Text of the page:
“A solar powered girl. A ballerina vigilante. A boy with the alien sharing his brain. A werewolf. A girl with a black hole for a heart. This is the next generation of heroes Doc Silence has gathered together, a random collection of amazing kids he hopes to train to make the world a better place.”
He had me at werewolf.
“The Indestructibles” is a so-called YA novel, although to quote Stephen Colbert, that usually just means it’s a regular novel that people actually read. And this one is definitely well suited to your average 12-year-old superhero fanatic.
But if you’re like some of us, you have an inner 12-year-old that you can access at a moment’s notice, sort of like Bruce Banner does with the Hulk in “The Avengers.” (“That’s my secret, Cap — I’m always 12.”) If that’s you, and you know who you are, you’ll probably get almost as much out of “The Indestructibles” as any prepubescent superhero junkie.
Phillion definitely deals in plenty of familiar comic book tropes, and it’s not hard to draw parallels between his characters and others that came before them — the mystical Doc Silence evokes elements of Dr. Strange, Kate “Dancer” Miller has Batman written all over her, and Solar, a sunshine-powered superheroine, fits the Superman template — although it’s refreshing to have the book’s one truly indestructible hero be female.
But there’s plenty in “The Indestructibles” that you haven’t seen before, including a sentient storm that provides the main obstacle for our fledgling heroes, and a winning invention in Entropy Emily, a wisecracking nerdette who also happens to be powerful enough to capture entire hurricanes in an anti-gravity bubble — and whose mother has a heroic secret of her own.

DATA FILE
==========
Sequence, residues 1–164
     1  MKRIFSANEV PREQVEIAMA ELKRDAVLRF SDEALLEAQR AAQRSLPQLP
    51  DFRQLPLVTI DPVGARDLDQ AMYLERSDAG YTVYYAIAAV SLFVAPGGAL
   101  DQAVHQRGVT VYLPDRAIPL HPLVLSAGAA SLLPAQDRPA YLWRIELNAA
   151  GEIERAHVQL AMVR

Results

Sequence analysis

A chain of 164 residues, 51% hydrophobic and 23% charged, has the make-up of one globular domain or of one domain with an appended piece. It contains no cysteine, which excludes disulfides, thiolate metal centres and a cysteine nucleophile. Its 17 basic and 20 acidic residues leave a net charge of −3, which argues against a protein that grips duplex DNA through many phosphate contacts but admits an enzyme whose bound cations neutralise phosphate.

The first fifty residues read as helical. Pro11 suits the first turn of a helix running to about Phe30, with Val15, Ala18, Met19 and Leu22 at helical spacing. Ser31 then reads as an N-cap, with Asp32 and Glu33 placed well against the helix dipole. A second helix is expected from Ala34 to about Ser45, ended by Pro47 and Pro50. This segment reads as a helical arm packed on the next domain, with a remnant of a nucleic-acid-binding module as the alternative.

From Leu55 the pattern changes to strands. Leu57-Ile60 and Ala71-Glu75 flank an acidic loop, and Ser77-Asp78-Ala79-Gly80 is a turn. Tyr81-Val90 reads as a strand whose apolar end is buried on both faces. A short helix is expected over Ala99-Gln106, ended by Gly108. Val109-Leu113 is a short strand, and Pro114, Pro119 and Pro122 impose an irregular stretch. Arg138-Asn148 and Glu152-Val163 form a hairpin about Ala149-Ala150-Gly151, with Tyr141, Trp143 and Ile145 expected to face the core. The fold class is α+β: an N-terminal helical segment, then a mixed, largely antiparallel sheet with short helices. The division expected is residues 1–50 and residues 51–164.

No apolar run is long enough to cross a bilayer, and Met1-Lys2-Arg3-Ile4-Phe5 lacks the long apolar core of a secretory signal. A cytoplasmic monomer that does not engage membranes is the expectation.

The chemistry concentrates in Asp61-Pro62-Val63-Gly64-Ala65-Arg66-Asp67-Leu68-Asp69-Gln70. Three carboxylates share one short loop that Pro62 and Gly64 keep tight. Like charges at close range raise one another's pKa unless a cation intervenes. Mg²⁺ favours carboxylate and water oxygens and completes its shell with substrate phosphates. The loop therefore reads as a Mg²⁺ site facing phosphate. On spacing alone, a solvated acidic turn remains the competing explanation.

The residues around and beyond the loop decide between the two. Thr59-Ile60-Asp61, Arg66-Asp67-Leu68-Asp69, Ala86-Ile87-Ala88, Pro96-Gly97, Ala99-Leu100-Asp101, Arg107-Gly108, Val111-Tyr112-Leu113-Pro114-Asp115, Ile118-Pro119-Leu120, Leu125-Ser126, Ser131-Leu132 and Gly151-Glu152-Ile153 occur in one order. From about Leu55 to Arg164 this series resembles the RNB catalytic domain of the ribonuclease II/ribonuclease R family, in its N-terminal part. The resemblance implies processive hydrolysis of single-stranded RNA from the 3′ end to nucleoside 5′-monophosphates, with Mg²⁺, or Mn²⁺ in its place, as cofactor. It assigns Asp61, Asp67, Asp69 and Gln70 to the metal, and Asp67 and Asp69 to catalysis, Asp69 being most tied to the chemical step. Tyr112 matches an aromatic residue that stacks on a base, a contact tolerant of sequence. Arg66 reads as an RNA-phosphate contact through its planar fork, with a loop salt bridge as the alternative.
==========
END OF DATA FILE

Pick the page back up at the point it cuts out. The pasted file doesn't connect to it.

Phillion ramps up the action often enough to keep things moving, and writes battle scenes in such a way that you can actually picture what’s going on, which is not as easy as it sounds. And sly pop culture references — Harry Potter, Dr. Who, Bill Bixby’s TV Hulk and E.T. all get name dropped during the team’s adventures — keep the dialogue zippy.
But in the end, it’s the heroes’ well-drawn personalities that make “The Indestructibles” fly. Straylight, the laser-zapping alien symbiote who’s quick to develop crushes on female adversaries, and Titus the angry (and wouldn’t you be?) teenage werewolf handily round out the super-crew, even if it’s the women who carry the show. And Phillion doesn’t give the villains short shrift either — a cyborg assassin with conscience issues and a truly frightening sorceress with a shadowy connection to Doc are just two of a litany of antagonists that make the heroes’ comings-of-age super-challenges convincing.
In short, it’s the rare young superhero fan who won’t find him- or herself plowing through “The Indestructibles” in as few sittings as possible — and the rare older fan who won’t want to scoop it up as soon as junior finishes.
More info at theindestructiblesbook.com.
Read more Pete at Pete’s Pop Culture, Parenting & Pets Blog.